Warning: This definitely not the ‘real Singapore’ so travel snobs, turn back now.

Ultimate Guide to Sentosa Island by Real World Runaway

What To Do

  • Universal Studios: I’m a sucker for a good theme park so I could never resist a Universal Studios. With 7 movie themed lands to explore, you’re transported to another world (or several worlds) full of rides, shows and your favourite characters. It’s nowhere near as big as its Florida counterpart but still houses a surprising number of big, thrill rides that are well worth the visit. Don’t miss Human vs Cylon and the classic Jurassic Park Log Flume.

Ultimate Guide to Sentosa Island by Real World Runaway

  • iFly: Sentosa Island houses the world’s largest indoor wind tunnel for simulation sky diving. If you feel like jumping out of a plane isn’t for you (fair enough) then this is the best alternative. It even has a glass wall so you still get some amazing views while you fly!
  • S.E.A Aquarium: Home to over 800 species, the S.E.A Aquarium is an impressive, hands on experience. See dolphins and sharks and even take a scuba diving class in one of the open ocean style exhibits!
  • Palawan Beach: Just because this beach is man made does not make it any less impressive. Relax on the luxurious white sand or head over the iconic rope bridge the visit the Southernmost Point of Continental Asia (although it’s on an island so I’m not really sure how that works). It’s as close to a tropical paradise as you can get in a country that is entirely city.

Ultimate Guide to Sentosa Island by Real World Runaway

  • Mega Adventure Park: Are you a fan of adrenaline? Then Mega Adventure is for you. Including huge zip wires, high ropes courses and a free-fall simulator, you’ll fly through the trees, with great views of the beaches below.
  • Adventure Cove Water Park: One of the most pleasantly surprising activities on the island was the Adventure Cove Water Park. The relatively cheap ticket includes unlimited access to a range of exciting (and mildly terrifying) waterslides, a huge lazy river, complete with a wall of sting rays, and an obstacle course. The highlight though is a snorkelling experience through their imitation coral reef.

Ultimate Guide to Sentosa Island by Real World Runaway

  • Wings of Time: End your day by taking in the spectacular Wings of Time show. The outdoor arena is filled with music, lasers and fire as they tell the story of a bird called Shahbaz. I don’t know why this bird is special. I think visuals have taken priority over storyline here. But it’s still a pleasant way to spend an evening.
  • Sentosa Merlion: Singapore is pretty rich, right? And what guards that prosperity? A giant Merlion, obviously. Whether you go inside the statue or just marvel at it from the pavement, it’s well worth a look. You can read more about the legend of the Merlion here.
  • There’s so much more to do from street luging to a trick eye museum. Find all the activities here.

Getting There

There are a range of hotels on the island but you’ll find a much bigger range and better deals elsewhere. It’s incredibly easy to get to Sentosa Island from the city so there isn’t much point staying there unless Sentosa is the main reason for your trip.

Ultimate Guide to Sentosa Island by Real World Runaway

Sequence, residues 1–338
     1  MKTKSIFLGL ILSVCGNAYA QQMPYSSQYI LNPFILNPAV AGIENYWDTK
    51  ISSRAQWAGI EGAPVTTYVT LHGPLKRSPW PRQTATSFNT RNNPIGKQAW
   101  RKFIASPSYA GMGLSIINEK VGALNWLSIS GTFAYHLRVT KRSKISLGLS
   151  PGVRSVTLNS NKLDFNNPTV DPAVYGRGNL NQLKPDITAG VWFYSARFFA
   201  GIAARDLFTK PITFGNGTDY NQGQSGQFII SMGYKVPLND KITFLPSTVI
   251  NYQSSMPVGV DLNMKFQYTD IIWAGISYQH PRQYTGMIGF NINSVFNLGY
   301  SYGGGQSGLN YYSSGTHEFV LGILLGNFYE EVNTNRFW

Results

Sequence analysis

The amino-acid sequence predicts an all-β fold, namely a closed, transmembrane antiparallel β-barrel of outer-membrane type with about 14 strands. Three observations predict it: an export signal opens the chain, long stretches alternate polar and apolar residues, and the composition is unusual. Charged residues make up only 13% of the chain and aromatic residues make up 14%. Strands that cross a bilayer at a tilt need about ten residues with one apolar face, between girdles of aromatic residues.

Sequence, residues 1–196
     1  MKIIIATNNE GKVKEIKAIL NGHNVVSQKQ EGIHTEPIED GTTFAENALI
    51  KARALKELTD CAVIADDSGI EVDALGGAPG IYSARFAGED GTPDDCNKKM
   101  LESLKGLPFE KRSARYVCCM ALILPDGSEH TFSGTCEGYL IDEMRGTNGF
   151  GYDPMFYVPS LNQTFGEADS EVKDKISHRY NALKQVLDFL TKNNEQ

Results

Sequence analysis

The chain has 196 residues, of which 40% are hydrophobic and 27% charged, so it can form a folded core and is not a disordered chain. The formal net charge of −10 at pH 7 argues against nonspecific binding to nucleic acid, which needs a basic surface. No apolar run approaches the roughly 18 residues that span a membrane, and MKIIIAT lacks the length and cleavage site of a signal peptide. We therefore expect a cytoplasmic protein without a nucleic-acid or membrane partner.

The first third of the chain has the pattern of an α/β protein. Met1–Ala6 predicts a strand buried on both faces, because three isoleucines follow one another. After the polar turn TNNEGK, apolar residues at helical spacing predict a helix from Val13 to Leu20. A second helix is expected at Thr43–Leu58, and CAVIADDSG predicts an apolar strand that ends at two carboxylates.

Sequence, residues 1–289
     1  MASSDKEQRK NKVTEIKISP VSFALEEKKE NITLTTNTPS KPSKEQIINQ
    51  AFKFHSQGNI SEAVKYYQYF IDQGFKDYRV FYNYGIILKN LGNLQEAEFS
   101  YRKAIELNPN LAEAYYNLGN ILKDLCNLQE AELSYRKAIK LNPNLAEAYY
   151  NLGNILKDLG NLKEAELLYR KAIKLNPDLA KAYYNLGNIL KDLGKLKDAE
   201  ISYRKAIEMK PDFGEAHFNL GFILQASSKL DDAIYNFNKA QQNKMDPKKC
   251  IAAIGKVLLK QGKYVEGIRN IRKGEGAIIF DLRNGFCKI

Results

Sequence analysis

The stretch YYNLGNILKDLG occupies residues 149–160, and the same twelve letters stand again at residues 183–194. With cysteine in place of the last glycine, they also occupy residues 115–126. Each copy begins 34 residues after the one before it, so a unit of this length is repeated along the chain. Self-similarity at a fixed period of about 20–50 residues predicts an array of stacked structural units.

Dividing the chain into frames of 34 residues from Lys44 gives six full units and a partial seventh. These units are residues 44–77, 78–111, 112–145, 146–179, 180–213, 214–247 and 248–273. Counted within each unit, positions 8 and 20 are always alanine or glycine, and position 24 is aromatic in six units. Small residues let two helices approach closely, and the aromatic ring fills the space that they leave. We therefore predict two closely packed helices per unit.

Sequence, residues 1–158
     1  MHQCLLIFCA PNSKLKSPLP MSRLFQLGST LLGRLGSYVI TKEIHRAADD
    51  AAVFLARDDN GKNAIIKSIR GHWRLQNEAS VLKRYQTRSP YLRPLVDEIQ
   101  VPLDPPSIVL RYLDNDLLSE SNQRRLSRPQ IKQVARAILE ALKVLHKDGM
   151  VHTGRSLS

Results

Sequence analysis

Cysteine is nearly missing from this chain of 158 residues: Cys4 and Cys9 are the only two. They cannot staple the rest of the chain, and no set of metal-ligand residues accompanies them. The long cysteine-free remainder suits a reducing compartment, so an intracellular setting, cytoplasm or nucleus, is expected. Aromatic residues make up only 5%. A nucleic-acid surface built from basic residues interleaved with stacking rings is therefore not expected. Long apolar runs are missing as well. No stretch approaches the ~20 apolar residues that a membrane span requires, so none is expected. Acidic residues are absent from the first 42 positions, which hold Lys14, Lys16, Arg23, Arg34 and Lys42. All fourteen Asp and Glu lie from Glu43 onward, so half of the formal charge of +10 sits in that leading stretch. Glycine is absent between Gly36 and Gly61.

• Sentosa Express: The free train departing from Vivo City shopping centre (a short walk from HarbourFront MRT) is the easiest way to get to Sentosa. It’s also pretty handy for navigating around the island if you don’t feel like walking with stops by the theme parks and beaches.
  • Walking: We’d been told that the train cost $5 (curse whoever that was) so we walked across the boardwalk to Sentosa 3 times before getting tired and giving in to the train. The walk is easy (especially if you’re going to Universal or the aquarium at the front of the island), gives you a great view of the city and gives you plenty of time to eat all the tasty treats you picked up at Vivo City.
  • Cable Car: An activity in itself, travel in style on the Singapore cable car. Obviously the pricier option, the cable car gives you stunning, panoramic views of the area as you float high above the water. Whilst not really a viable form of travel in the long term, it might be worth doing once if you’re on the less thrifty side. 

Top Tips

  • There’s an ice lolly shop by the Merlion. It’s amazing, but if the lady behind the counter warns you that the lemon lolly is incredibly sour, BELIEVE HER. I love lemon. I did not take her advice. I happily ate my lolly, enjoying the sourness in all its lemony glory, then my tongue started bleeding and a couldn’t eat for the rest of the day. I think it was the Merlion’s fault. Not cool.
  • OK now a real tip. We bought all our Sentosa tickets through a website called Klook. It offers huge savings on attractions around Asia and it was 100% legit. We were a little nervous at first but all of our tickets worked perfectly and we saved over £50.

Ultimate Guide to Sentosa Island by Real World Runaway

  • For Universal, get there early and go straight to the back of the park. There’ll be no queues for these rides as people just go on the first thing they see.
  • At Adventure Cove, go to the snorkelling reef as soon as you arrive as this gets incredibly busy as the day goes on. Also, lockers are expensive so try to bring minimal stuff.

Have you been to Sentosa? What would you recommend?

Katie x